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Tying your Approach to Social Media with your Sales Process (Tech Talks Part 2 of 3)

5th March 2014
GWS Team

This Tech Talk was given by GWS Media director David Graves on February 12th, 2014

Social media marketing (like direct response marketing) needs a good list of prospects and understanding of what they want in order to engage them with relevant information that will get them to buy from you.

After all, people will not be over keen to listen if they have very little interest.

Social media enables you to build up prospects over time, and you've also got the potential to go viral - but this is not something you can count on (and if it does happen, it won’t necessarily be a post that you particularly want to go viral).

Few social media leads convert, so research ways you deal with your leads and see if you can identify where your online leads typically fall off: unsubscribing from your emails, unliking / unfollowing your channel, abandoning your landing page, or abandoning your shopping cart / enquiry form.

Pay attention to your content on social media with conversion and engagement in mind.

Most platforms give you inbuild information about which posts are most popular, where what is triggering your follows & unfollows etc..

Here’s an article outlining five ways to track unfollowers.

Image under mrsdkrebs under Creative Commons License 2.0


Someone that clicks on a Twitter post to download an e-book is showing content interest but not necessarily sales interest.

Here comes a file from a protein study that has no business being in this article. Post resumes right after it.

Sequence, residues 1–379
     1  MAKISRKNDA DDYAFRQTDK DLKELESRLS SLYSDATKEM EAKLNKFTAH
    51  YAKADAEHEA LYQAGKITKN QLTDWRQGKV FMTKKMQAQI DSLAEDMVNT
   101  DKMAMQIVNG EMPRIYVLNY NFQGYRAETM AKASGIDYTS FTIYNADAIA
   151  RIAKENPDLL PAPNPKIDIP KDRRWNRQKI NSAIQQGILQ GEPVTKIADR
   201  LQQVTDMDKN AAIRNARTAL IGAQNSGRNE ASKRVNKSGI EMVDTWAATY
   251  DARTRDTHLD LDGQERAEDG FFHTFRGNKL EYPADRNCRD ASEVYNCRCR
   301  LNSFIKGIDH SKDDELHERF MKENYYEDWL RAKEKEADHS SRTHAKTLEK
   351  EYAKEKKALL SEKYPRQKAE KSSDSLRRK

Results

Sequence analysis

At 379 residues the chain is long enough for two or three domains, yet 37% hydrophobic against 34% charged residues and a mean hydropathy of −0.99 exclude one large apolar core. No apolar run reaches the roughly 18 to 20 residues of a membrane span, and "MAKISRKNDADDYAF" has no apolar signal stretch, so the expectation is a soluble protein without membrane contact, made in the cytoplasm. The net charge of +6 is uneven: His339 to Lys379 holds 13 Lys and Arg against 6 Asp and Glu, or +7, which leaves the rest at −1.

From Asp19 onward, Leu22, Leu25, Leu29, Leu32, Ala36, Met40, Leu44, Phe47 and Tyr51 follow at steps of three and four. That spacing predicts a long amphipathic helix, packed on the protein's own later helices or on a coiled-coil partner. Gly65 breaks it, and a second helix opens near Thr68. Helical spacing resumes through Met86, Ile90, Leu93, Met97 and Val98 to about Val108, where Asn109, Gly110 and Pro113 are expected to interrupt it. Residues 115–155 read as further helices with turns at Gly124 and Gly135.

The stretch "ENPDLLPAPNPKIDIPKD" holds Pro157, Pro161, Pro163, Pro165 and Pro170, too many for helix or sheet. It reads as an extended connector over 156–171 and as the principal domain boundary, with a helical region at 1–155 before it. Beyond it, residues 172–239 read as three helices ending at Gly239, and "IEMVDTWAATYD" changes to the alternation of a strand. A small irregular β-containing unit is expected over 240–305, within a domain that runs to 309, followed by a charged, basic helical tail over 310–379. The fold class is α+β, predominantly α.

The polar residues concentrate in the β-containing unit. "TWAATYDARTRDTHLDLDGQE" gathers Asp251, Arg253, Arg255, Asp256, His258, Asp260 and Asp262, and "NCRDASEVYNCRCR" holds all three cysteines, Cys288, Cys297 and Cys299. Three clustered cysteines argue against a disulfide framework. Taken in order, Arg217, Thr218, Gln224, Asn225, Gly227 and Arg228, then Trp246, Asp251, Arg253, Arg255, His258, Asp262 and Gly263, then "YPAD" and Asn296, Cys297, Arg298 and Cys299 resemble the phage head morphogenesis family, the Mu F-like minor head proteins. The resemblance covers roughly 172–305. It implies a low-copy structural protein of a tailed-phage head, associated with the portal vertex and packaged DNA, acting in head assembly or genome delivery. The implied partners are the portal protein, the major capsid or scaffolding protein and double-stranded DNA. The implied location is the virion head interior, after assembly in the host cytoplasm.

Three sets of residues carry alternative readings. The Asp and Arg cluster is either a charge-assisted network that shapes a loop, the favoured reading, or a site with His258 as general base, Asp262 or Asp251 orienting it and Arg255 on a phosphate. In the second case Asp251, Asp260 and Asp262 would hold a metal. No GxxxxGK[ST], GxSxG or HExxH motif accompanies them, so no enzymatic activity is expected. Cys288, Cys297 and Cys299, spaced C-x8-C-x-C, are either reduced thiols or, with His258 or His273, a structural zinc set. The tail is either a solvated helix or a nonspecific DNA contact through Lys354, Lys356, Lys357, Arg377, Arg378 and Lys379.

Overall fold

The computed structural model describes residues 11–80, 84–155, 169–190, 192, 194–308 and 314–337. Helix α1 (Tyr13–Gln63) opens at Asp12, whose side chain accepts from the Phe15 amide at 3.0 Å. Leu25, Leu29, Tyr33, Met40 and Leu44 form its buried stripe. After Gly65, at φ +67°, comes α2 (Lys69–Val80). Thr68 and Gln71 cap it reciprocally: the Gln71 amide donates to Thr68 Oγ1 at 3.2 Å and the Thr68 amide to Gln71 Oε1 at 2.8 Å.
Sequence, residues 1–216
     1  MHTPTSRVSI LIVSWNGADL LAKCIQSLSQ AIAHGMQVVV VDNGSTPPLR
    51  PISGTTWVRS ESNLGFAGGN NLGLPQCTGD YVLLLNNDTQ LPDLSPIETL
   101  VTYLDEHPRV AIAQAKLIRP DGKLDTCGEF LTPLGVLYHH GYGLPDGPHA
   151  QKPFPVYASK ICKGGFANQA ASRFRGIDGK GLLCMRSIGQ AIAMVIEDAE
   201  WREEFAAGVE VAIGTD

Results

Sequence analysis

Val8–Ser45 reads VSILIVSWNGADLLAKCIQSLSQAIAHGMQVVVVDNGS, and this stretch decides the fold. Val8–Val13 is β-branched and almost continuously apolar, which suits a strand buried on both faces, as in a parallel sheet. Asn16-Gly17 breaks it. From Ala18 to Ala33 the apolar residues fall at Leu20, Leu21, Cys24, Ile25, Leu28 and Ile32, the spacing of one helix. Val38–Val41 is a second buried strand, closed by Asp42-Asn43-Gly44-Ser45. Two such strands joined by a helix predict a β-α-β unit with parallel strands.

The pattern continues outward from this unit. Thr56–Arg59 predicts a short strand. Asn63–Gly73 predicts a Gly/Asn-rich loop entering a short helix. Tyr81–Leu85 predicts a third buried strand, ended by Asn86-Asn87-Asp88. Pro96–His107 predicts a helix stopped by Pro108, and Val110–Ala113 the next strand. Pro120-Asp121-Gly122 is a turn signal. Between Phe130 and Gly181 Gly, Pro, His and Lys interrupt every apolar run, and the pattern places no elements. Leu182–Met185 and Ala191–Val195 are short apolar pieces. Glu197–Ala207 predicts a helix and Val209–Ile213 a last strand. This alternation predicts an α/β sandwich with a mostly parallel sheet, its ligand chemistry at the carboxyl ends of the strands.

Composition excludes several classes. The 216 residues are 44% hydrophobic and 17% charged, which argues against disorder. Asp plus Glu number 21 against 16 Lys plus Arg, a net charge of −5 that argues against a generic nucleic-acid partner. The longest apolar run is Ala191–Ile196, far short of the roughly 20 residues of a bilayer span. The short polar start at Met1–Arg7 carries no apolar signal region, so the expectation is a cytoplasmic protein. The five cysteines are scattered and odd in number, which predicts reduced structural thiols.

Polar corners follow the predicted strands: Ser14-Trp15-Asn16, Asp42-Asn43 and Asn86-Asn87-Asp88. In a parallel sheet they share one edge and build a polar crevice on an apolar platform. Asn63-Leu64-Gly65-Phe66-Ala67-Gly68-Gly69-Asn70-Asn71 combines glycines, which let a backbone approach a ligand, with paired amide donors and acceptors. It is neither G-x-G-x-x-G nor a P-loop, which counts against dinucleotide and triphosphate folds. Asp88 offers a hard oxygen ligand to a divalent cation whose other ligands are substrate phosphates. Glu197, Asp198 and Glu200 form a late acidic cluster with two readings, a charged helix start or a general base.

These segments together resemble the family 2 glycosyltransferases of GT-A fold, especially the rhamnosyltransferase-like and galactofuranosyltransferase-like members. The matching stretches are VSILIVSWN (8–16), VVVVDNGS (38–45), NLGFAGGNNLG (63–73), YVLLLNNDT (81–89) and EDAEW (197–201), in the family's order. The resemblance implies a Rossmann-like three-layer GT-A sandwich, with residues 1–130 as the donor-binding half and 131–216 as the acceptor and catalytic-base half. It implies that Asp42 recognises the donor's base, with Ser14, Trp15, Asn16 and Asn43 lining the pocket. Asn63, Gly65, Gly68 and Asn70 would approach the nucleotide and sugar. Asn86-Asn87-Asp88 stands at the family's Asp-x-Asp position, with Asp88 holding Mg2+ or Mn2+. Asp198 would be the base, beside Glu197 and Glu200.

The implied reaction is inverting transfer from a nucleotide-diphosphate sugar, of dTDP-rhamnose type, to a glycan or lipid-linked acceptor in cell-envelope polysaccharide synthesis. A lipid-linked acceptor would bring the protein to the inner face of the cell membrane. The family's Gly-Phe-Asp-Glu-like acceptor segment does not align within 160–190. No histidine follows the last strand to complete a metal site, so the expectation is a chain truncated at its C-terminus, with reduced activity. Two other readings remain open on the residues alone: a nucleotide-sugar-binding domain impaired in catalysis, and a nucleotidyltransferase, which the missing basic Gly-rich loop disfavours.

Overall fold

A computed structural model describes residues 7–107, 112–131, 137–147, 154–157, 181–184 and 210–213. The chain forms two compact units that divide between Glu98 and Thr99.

They may be interested in your content and potentially be a sales prospect for your product or service in the future, but if they’re not ready to be sold to now then the normal sales process for more direct leads is going to be a major turn-off.

So, it would be more beneficial to find other ways to utilise these opportunities.

Most content lead qualification forms will include questions probing customers to give information about how likely they are to be changing existing providers or looking to purchase a new product, along with some indication of time frames.

However you get this information, it will give you a greater handle on when (or if!) they may be open to a sales approach.

Someone that followed / liked you and engaged in a conversation on social media may still be a lead despite the lack of further details so avoid offending with an early sales pitch.

Possibly nurture these leads over a period of time – maybe weeks but probably months – to ensure they continue to think about you and are reminded of what you offer. Hopefully when they are ready to convert, you’ll be central in their minds.

Emails provide great nurturing techniques: Adding people to a monthly newsletter and using systems that generate personal sounding emails. Annoying as these may sometimes be, they do offer a gentle series of gentle nudges to help keep you at the front of your potential client’s mind.

Image under Sean David under Creative Commons Licence 2.0


Alternatively, dependent on your industry, you can integrate a campaign that meets two requirements; for example, see what Topshop did with their Pinterest campaign

You can look on the worse examples of follow-up marketing automation emails as an instructional manual on what not to do – my particular least favourites are the ones which eventually resort to plaintive messages such as: ‘David… We’ve missed you… Please login again and see just how many amazing new features we’ve been adding to our system…’

On the whole, it will be more effective to spend your time analysing your social media trends and implementing the best strategy to get people onto your landing page or retaining them on the social platform, than worrying about conversion rates.

Further steps to utilise social media channels are available here.


Continue to Part 3: Do You Know What Makes a Strong Landing Page?

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